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is a global climate model?
Global climate models (GCMs) are mathematical
formulations of the processes that comprise the climate
system. Climate models can be used to make projections
about future climate and the knowledge gained can
contribute to policy decisions regarding climate
change. An advantage of GCMs is their ability to
perform multiple simulation experiments using different
greenhouse gas emissions scenarios. A disadvantage
of GCMs is their inability to resolve features smaller
than about 50 miles by 50 miles. However, as computing
power continues to increase, models are being constantly
Schematic illustration of GCM structure at
gridbox.Source: Hansen, J., G. Russell,
D. Rind, et al. "Efficient three-dimensional
models for global climate studies: Models
I and II." Monthly Weather Review 111 (4):
609, 662, 1983.
How Climate Models Work
Computer climate models are the key tool for simulating
possible future climates. Though there are many types
of models, from simple to complex, three-dimensional
global atmosphere and ocean models hold the most
potential for making accurate climate projections.
These complex and computer-intensive global climate
models have been developed to study global climate
processes and to create projections of possible future
climates. The knowledge gained can contribute to
policy decisions regarding climate change and facilitate
preparations for future climate changes.
GCMs are mathematical formulations of the processes
that comprise the climate system, including radiation,
energy transfer by winds, cloud formation, evaporation
and precipitation of water, and transport of heat
by ocean currents. The model calculations are made
for individual gridboxes on the order of 125 – 300
miles (200 – 500 km) in the horizontal and
vertical dimensions. The equations of the model are
for the atmosphere, land surface, and oceans in each
gridbox over the entire globe using a series of timesteps
by Global Climate Models
GCMs are used to simulate the climate
system's future responses to emissions of greenhouse
gases and sulfate aerosols, as well as other human-induced
activities that affect the climate system. Projections
made by GCMs are reflections of the current state
of knowledge of the processes in the climate system,
but they still contain uncertainties. Figure 2 shows
projected changes in temperature and precipitation
in the 2050s using two global climate models, one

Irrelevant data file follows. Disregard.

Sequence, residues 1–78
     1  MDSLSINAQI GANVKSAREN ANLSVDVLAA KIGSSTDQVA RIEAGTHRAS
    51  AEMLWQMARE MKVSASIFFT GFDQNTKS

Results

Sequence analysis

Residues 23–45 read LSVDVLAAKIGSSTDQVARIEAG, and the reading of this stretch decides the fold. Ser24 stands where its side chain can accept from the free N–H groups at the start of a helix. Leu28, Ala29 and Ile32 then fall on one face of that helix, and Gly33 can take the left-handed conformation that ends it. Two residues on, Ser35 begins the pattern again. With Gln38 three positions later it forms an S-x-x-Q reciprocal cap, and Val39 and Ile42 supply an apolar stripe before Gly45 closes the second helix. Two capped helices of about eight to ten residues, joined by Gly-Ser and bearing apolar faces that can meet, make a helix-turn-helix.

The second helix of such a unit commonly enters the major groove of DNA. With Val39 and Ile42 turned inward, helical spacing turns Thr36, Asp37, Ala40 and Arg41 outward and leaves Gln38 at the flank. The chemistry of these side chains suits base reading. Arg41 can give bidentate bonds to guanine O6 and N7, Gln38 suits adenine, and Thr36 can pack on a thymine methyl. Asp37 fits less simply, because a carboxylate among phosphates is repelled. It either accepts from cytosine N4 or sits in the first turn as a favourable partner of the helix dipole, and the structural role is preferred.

developed by the United Kingdom Hadley Centre and
the other by the Canadian Centre for Climate Modeling
|Figure 2.Projected changes
in temperature and precipitation for the
2050s. Left: United Kingdom Hadley Center.
Right: Canadian Center for Climate Modeling
and Analysis. Source:Rosenzweig and Solecki,
Climate Change and a Global City,
Advantages and Disadvantages
of Climate Models
An advantage of climate models is their ability
to perform multiple simulation experiments using
different greenhouse gas emissions scenarios. By
performing multiple experiments, with multiple climate
models based on multiple greenhouse gas scenarios,
the range of possible climate outcomes, as well as
the probability of specific outcomes, can be better
A disadvantage of climate models is that, although
computer power continues to increase rapidly, global
models currently do not resolve features smaller
than about 50 miles x 50 miles. This makes it impossible
to resolve smaller-scale climate features.
The models also simplify or parametrize complex and
often non-linear processes, such as the radiation
effects of high- and low-level clouds or hydrological
processes on the land.
Flato, G.M., G.J. Boer, W.G. Lee, N.A. McFarlane,
D. Ramsden, M.C. Reader, and A.J. Weaver. 1997. "The
Canadian Centre for Climate Modeling and Analysis global
coupled model and its climate." The Canadian Centre
for Climate Modeling and Analysis. Atmospheric Environment
Service. University of Victoria, BC.
Intergovernmental Panel on Climate Change (IPCC), 2001.
"Working Group I Third Assessment Report." Cambridge
University Press.Cambridge, UK. 881 pp.
Johns, T.E., R.E. Carnell, J.F. Crossley, J.M. Gregory,
J.F.B. Mitchell, C.A. Senior, S.F.B. Tett, and R.A.
Wood. 1997. "The second Hadley Centre coupled ocean-atmosphere
GCM: Model description, spinup, and validation." Climate
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